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Special Issue "When the Anticancer Strategies Modulating Oxidative Stress Meet Nanomedicine: New Perspectives"
A special issue of Antioxidants (ISSN 2076-3921).
Deadline for manuscript submissions: closed (31 January 2020).
Interests: lipid peroxidation and cancer; chemoresistance and oxidative stress; nanomedicine to overcome chemoresistance
Although contradictory findings have been reported, the link between oxidative stress and tumours has become more and more evident in the last decades. Cancer cells exhibit elevated reactive oxygen species (ROS) levels, which can contribute, with different mechanisms, to the malignant transformation and progression of tumours. ROS scavenging compounds have been used in chemoprevention and at the early stage of treating tumours. However, very conflicting results have been obtained, so the use of antioxidants in cancer prevention needs to be carefully evaluated. On the other hand, the induction of oxidative stress can be toxic to cancer cells, potentially inducing apoptotic cell death. Thus, strategies with the goal of increasing the ROS level, directly, with prooxidant drugs (e.g. doxorubicin, menadione), or indirectly, by lowering the cellular antioxidant defences, have been used for effective cancer therapies.
Advances in the developing field of nanomedicine can further expand the possibilities of redox-anticancer treatments. Indeed, the use of nanoparticles (NPs) offers many advantages as drug carrier system, by improving the solubility of poorly water-soluble drugs, increasing drug half-life, improving bioavailability and diminishing the drug metabolism. Both antioxidant and pro-oxidant NPs (containing compounds that can reduce or enhance oxidative stress, respectively), as well as redox-sensitive NPs (in most cases containing disulfide bonds to achieve a stimuli-responsive drug release) have been investigated in cancer therapy. Moreover NPs per se can be redox active (e.g. cerium oxide/nanoceria), thus expanding the potential for their therapeutic use.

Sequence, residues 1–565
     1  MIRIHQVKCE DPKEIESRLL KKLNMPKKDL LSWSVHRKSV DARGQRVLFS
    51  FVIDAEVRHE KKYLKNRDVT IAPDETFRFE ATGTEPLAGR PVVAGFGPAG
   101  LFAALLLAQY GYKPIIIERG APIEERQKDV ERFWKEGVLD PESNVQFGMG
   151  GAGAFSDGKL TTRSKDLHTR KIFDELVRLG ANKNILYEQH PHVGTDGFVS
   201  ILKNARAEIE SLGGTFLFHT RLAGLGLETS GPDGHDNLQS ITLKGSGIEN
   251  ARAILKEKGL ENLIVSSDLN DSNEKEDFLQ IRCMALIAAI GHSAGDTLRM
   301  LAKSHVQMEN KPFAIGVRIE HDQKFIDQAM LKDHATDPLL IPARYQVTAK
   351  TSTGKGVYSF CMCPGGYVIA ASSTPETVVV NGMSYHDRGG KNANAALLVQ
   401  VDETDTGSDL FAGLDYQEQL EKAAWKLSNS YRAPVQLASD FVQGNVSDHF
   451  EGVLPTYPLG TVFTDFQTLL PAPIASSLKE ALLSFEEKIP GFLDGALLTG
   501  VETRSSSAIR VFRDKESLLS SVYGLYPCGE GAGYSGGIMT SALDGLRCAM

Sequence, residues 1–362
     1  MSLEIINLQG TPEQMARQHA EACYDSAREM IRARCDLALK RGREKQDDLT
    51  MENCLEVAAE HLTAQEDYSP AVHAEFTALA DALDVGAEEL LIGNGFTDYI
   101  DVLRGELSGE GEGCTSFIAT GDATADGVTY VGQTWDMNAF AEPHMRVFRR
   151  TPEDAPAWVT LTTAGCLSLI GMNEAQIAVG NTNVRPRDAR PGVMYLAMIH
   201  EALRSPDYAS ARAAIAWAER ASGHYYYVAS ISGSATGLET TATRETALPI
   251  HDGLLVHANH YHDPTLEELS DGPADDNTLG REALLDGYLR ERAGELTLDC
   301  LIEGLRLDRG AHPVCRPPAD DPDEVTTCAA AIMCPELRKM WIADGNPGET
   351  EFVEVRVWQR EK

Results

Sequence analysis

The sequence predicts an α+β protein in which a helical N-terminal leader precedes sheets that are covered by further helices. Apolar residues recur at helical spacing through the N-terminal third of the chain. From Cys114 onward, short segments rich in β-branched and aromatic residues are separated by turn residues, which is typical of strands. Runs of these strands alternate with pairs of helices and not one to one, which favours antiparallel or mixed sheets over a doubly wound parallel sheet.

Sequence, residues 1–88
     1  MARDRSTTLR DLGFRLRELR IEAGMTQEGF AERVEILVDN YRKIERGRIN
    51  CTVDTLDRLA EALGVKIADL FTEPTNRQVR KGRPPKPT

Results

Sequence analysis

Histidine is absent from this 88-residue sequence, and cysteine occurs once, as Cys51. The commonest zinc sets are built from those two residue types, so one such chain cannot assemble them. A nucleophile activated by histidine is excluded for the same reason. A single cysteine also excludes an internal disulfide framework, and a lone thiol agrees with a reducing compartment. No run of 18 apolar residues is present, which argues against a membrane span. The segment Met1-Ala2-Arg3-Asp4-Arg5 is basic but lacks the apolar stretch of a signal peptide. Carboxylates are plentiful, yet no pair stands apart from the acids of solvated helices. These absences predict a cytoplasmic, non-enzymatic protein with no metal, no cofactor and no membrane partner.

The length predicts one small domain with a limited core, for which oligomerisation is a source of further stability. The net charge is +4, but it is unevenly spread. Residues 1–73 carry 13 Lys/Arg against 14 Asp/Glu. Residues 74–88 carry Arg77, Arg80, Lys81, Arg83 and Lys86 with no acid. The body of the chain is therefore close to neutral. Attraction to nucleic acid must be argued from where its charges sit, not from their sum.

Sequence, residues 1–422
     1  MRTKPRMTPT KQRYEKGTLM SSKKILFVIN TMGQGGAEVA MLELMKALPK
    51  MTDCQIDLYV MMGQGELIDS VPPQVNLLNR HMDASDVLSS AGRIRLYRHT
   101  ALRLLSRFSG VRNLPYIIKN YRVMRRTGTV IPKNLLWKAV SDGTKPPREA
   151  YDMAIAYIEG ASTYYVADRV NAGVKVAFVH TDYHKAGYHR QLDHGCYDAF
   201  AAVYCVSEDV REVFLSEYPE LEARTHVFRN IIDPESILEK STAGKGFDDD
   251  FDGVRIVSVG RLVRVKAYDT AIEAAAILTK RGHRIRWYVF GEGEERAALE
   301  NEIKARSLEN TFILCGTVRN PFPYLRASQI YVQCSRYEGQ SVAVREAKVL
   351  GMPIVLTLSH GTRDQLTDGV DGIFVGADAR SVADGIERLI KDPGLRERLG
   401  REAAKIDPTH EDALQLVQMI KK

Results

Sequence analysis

This Special Issue welcomes original research and reviews of literature concerning tumour chemoprevention and cancer progression studies of redox nanosystems, such as NPs per se redox active or containing conventional chemotherapic medicines, new alternative compounds, molecularly targeted cancer drugs, or nucleic acids with both antioxidant or pro-oxidant properties, as well as redox stimulus-responsive nanocarriers.
Dr. Stefania Pizzimenti
Dr. Monica Argenziano
Manuscript Submission Information
Manuscripts should be submitted online at www.mdpi.com by registering and logging in to this website. Once you are registered, click here to go to the submission form. Manuscripts can be submitted until the deadline. All papers will be peer-reviewed. Accepted papers will be published continuously in the journal (as soon as accepted) and will be listed together on the special issue website. Research articles, review articles as well as short communications are invited. For planned papers, a title and short abstract (about 100 words) can be sent to the Editorial Office for announcement on this website.
Submitted manuscripts should not have been published previously, nor be under consideration for publication elsewhere (except conference proceedings papers). All manuscripts are thoroughly refereed through a single-blind peer-review process. A guide for authors and other relevant information for submission of manuscripts is available on the Instructions for Authors page. Antioxidants is an international peer-reviewed open access monthly journal published by MDPI.
Please visit the Instructions for Authors page before submitting a manuscript. The Article Processing Charge (APC) for publication in this open access journal is 1400 CHF (Swiss Francs). Submitted papers should be well formatted and use good English. Authors may use MDPI's English editing service prior to publication or during author revisions.
- Reactive oxygen species (ROS)
- Glutathione (GSH)
- Nuclear factor erythroid 2-related factor 2 (Nrf2)
- Redox signalling pathways
- Tumour progression
- Redox-sensitive nanoparticles